Rotting Garbage Will Light 80,000 Aussie HomesBy and
Rotting Garbage Will Light 80,000 Aussie HomesBy and
Cleanaway using landfill waste to generate electricity
Australia considering adoption of a clean energy target
Australia’s poor recycling track record has an upside.
Cleanaway Waste Management Ltd., the nation’s largest garbage company, has the potential to extract enough gas from rotting rubbish to produce electricity for as many as 80,000 homes, according to Chief Executive Officer Vik Bansal.
“Twenty years ago, this was all going to waste,” Bansal said in an interview last week in Melbourne. The gas was getting “flared up in the environment, now it’s creating electricity,” he said.
Australia is the eighth-largest per-capita producer of municipal waste among developed economies, according to the Organization for Economic Cooperation and Development. A report last year by the Australian Council of Recycling showed the nation recycled just 41 percent of that waste, compared with Germany on 65 percent.
That’s proving a boon for companies such as Cleanaway, which extracts gas from landfill sites to power engines, in turn generating electricity that’s sold to the national grid. It’s adding innovative, if relatively small, supplies of power as Australia debates its future energy mix and seeks to curb emissions.
Melbourne-based Cleanaway sold 145,000 megawatt-hours of electricity to the grid from 120 million cubic meters of captured landfill gas last financial year, according to its annual report. The company has 11 of its own landfills, seven of which are providing electricity, Bansal said.
The company isn’t alone in turning rubbish to power.
Paris-based Suez generated 263,000 megawatt-hours of electricity from its Australian landfill sites in 2014, according to the company’s website. Veolia Environnement SA says it currently captures enough gas to power 2,500 homes from a site in New South Wales state and within 10 years will power an additional 12,000 from a facility in Queensland.
Cleanaway says it has doubled capacity at its largest landfill site in Melbourne to 8.8 megawatts, which will come online by October. Within 20 years, depending on the volume of waste it collects, it could produce enough electricity nationally to power as many as 80,000 homes, Bansal said.
It’s a “good little investment” for the company, said Nathan Lead, a senior analyst at Morgans Financial Ltd. who rates the stock as a hold. Even so, the electricity produced is a "drop in the ocean" of Australia’s energy demands, he added.
Australia is one of the world’s biggest suppliers of gas and coal, yet is struggling to find enough fuel to meet its own demand. Electricity price spikes and outages have raised concerns the nation’s energy security is deteriorating.
While the government has committed to cutting greenhouse gas emissions by at least 26 percent on 2005 levels by 2030, politicians are divided about how to get there. Lawmakers are currently battling over Chief Scientist Alan Finkel’s recommendation for a clean energy target that could limit the role of coal.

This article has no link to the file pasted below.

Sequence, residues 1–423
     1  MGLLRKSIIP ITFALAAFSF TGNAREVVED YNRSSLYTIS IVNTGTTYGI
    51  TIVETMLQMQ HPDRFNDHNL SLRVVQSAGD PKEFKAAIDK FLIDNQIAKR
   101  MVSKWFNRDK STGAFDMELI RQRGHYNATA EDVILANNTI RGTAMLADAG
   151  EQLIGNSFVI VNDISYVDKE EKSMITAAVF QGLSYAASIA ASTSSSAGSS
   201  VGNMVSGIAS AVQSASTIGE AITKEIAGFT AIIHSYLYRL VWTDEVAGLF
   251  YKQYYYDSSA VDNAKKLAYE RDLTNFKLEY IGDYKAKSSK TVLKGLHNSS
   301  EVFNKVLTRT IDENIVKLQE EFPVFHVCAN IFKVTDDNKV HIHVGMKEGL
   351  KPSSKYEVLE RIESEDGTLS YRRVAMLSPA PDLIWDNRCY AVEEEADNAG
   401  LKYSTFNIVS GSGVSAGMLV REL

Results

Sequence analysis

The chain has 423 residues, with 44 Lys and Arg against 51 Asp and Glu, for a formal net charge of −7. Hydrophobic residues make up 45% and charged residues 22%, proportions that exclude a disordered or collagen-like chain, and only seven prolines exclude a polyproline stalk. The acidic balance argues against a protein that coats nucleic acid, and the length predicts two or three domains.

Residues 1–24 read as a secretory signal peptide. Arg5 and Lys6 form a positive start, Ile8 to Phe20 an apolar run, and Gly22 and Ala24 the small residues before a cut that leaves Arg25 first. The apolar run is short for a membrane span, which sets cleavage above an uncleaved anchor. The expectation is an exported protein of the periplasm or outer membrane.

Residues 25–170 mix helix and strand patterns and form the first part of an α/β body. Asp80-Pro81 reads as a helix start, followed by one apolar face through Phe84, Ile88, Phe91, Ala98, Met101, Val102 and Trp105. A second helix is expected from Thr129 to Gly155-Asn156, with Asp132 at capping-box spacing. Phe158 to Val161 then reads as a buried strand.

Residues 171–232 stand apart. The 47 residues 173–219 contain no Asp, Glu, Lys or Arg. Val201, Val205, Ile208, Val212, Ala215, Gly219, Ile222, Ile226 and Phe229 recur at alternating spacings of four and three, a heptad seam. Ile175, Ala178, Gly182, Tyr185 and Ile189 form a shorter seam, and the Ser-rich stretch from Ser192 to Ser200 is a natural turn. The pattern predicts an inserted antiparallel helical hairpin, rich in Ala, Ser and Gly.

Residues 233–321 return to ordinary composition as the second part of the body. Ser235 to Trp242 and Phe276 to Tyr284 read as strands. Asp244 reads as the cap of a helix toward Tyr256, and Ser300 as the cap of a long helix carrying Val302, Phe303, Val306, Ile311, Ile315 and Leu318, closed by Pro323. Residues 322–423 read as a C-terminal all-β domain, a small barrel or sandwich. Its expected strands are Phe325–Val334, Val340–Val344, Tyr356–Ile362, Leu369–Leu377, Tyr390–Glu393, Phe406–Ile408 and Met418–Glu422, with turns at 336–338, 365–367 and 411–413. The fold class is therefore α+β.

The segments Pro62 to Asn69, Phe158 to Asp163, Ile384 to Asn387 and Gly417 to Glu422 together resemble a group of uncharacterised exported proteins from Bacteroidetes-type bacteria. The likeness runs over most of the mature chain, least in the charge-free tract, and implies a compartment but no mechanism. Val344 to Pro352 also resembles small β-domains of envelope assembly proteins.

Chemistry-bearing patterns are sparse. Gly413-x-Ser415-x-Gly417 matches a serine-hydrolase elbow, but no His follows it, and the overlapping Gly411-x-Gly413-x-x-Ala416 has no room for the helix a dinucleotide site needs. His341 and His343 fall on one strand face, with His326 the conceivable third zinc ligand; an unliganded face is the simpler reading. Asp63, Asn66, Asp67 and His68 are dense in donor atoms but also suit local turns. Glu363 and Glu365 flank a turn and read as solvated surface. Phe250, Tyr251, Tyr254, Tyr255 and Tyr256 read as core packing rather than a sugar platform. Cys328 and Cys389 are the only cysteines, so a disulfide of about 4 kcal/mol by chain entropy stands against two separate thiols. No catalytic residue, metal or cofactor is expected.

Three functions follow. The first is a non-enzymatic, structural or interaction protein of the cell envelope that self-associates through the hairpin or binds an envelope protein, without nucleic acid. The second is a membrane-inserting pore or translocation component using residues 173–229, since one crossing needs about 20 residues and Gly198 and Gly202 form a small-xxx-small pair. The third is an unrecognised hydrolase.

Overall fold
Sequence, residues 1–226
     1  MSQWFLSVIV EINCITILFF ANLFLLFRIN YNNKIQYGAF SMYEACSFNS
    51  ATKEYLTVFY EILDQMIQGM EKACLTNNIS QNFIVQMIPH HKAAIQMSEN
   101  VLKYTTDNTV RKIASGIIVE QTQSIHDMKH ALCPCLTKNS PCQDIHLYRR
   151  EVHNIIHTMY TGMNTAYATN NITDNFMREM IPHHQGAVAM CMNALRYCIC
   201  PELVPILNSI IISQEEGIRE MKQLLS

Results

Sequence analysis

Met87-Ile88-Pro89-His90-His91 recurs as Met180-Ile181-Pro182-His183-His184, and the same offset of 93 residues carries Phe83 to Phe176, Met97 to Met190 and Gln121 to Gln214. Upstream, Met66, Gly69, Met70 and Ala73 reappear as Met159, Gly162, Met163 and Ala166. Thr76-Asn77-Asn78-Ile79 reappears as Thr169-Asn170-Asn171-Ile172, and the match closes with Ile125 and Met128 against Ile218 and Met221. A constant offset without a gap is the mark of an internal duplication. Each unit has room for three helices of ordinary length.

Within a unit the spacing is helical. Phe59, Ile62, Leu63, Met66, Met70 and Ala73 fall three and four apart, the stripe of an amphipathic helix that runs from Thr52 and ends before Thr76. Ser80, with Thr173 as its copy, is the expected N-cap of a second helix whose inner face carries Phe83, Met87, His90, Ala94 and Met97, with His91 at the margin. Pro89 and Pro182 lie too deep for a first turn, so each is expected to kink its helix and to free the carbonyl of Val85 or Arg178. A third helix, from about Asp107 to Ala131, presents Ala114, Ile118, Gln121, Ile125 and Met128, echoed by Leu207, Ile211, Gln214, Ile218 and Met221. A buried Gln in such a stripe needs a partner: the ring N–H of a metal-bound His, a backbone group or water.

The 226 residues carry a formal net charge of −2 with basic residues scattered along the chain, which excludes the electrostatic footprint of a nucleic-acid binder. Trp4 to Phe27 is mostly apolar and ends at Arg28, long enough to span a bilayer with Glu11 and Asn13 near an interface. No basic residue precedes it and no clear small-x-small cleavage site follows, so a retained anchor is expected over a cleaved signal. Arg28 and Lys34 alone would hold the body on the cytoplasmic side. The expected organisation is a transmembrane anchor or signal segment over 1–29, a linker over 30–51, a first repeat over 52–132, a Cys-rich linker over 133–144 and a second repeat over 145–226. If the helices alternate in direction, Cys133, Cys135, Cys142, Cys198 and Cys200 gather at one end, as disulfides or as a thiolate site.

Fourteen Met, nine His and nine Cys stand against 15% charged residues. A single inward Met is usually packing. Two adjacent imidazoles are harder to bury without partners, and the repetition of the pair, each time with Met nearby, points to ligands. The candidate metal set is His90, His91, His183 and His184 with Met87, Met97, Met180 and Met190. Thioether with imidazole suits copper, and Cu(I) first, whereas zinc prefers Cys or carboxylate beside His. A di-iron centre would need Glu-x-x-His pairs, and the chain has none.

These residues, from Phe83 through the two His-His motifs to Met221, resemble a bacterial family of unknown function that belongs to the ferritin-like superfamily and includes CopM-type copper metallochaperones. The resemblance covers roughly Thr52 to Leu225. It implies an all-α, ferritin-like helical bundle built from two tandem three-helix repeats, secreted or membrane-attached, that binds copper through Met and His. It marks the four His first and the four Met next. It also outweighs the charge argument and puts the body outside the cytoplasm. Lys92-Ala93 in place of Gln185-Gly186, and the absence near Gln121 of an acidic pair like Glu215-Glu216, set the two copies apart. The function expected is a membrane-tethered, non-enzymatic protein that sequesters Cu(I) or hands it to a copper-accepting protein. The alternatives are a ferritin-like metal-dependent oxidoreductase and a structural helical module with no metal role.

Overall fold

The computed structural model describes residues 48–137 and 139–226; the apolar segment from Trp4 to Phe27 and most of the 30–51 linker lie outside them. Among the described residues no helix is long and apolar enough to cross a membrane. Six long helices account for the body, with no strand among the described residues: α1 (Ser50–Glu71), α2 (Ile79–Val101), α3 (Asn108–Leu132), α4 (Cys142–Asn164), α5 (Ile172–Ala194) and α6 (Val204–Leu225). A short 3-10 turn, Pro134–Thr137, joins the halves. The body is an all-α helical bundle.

Australia generated 3,608 gigawatt-hours, or about 1.5 percent of total electricity generation, from bioenergy, or enough to power 687,238 homes, according to the Clean Energy Council’s 2016 report. Bioenergy includes gas extracted from landfill, and forestry and agricultural waste that can be burned in power stations.
Forestry and agricultural biofuel may reach 20 percent of Australia’s energy mix, should the country be entirely reliant on renewable sources, according to Sven Teske, a renewable energy researcher at the Institute for Sustainable Futures at the University of Technology Sydney.
But if Australia gets better at recycling, and cuts down on rubbish as it becomes a “circular economy,” gas extracted from landfill would play an even more limited role, he said.
“There are quite a lot of examples from Europe where there was a waste-to-energy strategy 20 years ago, and some of those power plants simply have not enough waste anymore to burn, so they actually import waste from other countries,” Teske said.
ASX-listed Cleanaway, which has a market value of about A$2.3 billion ($1.8 billion), is playing its part in trying to boost recycling rates -- even if that means less landfill to tap for power.
The company, which collects rubbish from more than 90 municipal and 120,000 commercial and industrial customers, seeks to recycle between 60 percent and 95 percent of discarded material before it reaches landfills, Bansal said.
Cleanaway got A$87.9 million in underlying earnings before interest, tax, depreciation and amortization from processing solid waste last financial year, a 47 percent increase on the prior year, according to its annual results. It doesn’t break down earnings from electricity generation.
The company is investing more than A$100 million in facilities for recycling liquid and solid waste and has been researching recycling and sustainability models in Europe and the U.S., Bansal said. The company provides sustainable waste management for customers including Chevron Corp. and Brisbane City Council.
“Every company now talks about sustainability,” said Bansal, who’s seen the company’s share price double since he became CEO in August 2015. “Nobody can achieve sustainability without managing waste. You’ve got to manage your waste because that is a massive carbon footprint.”
— With assistance by Leonard Quong